Saturday, May 28, 2022

AIR day 20 - item 5

The following is a blog post from the Astronomer-In-Residence (AIR) web site, reproduced here. Text and images used with permission.

Day 20 blog entry.

Saturday 28 May 2022 - 6:00 PM: The Last Show

The final full day…

Did a bit of pre-packing. Loaded non-essentials or used/done items into the car. No astronomy activities planned tonight so that gear could be stowed.

a few small sunspots

Checked for the state of our star today. Active Region 3023 is a big one. A double?

Inspected the 16-inch dome after removing all my stuff. Put various park gear items in the astro-closet. Opened the 10-inch dome in advance of solar observing. Moved my eyepiece case over there. Grabbed the old park bins (for projection experiments). Took at least one blackfly bite. I think I saw a Grey Catbird!?

Touched based with Chuck Allen of the Astronomical League from his home in Kentucky. We want to chat in detail about our respective observing certificate programs...

Bumped into Kate. She thanked me for all my efforts. I'm grateful for all her support.

Almost lost my Ontario Volunteer Service Award pin. Dang.

12:45 PM. Spotted Harrison, my helper for solar observing. I had him serve as a model for some operational shots of the Losmandy mount.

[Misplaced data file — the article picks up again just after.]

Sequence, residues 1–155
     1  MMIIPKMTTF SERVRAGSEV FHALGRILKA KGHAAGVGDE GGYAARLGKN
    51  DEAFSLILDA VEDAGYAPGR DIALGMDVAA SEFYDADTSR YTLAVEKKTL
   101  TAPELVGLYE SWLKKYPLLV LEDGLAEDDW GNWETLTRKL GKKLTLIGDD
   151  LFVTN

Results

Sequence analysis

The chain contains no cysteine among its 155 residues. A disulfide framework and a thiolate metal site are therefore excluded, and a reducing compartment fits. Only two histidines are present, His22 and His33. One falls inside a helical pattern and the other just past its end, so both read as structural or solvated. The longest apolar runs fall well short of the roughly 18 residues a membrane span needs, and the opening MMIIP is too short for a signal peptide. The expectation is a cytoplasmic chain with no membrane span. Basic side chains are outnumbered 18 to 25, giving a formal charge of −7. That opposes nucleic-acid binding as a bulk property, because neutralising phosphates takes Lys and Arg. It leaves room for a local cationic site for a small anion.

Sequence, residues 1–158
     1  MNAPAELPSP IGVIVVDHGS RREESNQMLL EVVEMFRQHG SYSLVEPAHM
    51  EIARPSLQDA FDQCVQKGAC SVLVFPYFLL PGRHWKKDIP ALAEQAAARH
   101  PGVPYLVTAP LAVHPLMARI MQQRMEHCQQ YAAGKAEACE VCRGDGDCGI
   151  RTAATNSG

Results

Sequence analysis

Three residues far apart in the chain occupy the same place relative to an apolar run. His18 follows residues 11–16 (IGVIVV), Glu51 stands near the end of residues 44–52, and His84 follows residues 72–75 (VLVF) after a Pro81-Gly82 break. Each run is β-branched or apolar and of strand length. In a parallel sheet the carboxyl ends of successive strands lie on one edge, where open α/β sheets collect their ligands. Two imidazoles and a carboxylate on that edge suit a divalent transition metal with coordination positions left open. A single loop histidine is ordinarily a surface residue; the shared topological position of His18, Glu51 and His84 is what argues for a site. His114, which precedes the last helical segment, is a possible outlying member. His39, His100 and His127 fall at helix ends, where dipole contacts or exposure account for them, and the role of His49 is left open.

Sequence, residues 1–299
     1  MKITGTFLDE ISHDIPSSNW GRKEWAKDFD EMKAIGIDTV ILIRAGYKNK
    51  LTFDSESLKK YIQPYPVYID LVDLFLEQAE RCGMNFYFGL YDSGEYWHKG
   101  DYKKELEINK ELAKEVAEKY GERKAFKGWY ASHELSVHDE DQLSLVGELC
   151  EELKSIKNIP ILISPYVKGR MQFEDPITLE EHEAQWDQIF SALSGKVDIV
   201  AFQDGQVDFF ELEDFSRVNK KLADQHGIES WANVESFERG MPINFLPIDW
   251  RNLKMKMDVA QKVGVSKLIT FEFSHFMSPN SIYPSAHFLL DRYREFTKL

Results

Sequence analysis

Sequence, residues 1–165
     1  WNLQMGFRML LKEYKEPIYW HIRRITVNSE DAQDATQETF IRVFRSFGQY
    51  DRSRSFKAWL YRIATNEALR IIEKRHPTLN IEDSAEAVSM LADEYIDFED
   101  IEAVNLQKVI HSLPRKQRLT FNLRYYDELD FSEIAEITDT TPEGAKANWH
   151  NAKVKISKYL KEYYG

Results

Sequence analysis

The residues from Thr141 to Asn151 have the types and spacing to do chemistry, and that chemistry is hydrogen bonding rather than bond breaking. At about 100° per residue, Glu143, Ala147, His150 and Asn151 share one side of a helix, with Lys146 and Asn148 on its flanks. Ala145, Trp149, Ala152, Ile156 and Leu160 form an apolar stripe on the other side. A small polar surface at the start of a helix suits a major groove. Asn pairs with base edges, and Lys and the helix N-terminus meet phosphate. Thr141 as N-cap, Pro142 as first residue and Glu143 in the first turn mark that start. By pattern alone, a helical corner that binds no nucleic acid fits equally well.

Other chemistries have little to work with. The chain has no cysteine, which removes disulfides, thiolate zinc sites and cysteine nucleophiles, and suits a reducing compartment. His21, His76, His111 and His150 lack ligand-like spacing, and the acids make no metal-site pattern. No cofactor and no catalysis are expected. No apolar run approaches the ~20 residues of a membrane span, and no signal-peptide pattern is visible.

We enjoyed a good view of the Sun. I had no trouble with the dual spot group AR 3023 at our 4 o'clock position and AR 3024, a single, at the 5 o'clock.

While we waited for park visitors, we talked about astronomy history. Hans Lippershey invented the magnifying instrument, initially for a military application, which Galileo later turned to the night sky. Had my dates wrong at first; that was in the early 1600s. Then Newton and others made 'scopes with mirrors. In the mid-1900s, Mr Schmidt made his camera lens. A compound design with lens and mirrors. This led to the three common telescope types today.

We received our first visitor. She said, "Tell me everything." Where to start! Not my job; just a hobby. Self-taught. Voracious reader. She was a raw beginner so I recommended NightWatch by Dickinson. Showed her the Sun in the 'scope but unfortunately the contrast was degraded because of the wispy clouds. Hold the phone... In those wispy, ice-cold clouds, we spotted parhelia, a beautiful full 22 degree ring, very colourful. Gave her The Evening Sky Map and Getting Started in Astrophotography handouts.

A full family came through and the two little boys immediately ran into the dome and started pulling on the eyepiece - yikes! I dashed into the dome and got everyone settled down. The view was getting soft but I think they all enjoyed looking at the Sun.

I had Harrison shut down the 'scope and close up the dome. He thanked me; I thanked him!

Put the solar filter and bins away.

And that's it! My last program was completed.

Looking cloudy so tonight I'll relax.

The Astronomer-In-Residence program is coordinated by the Allan I Carswell Observatory (AICO) at York University with the Killarney Provincial Park Observatory (KPPO).

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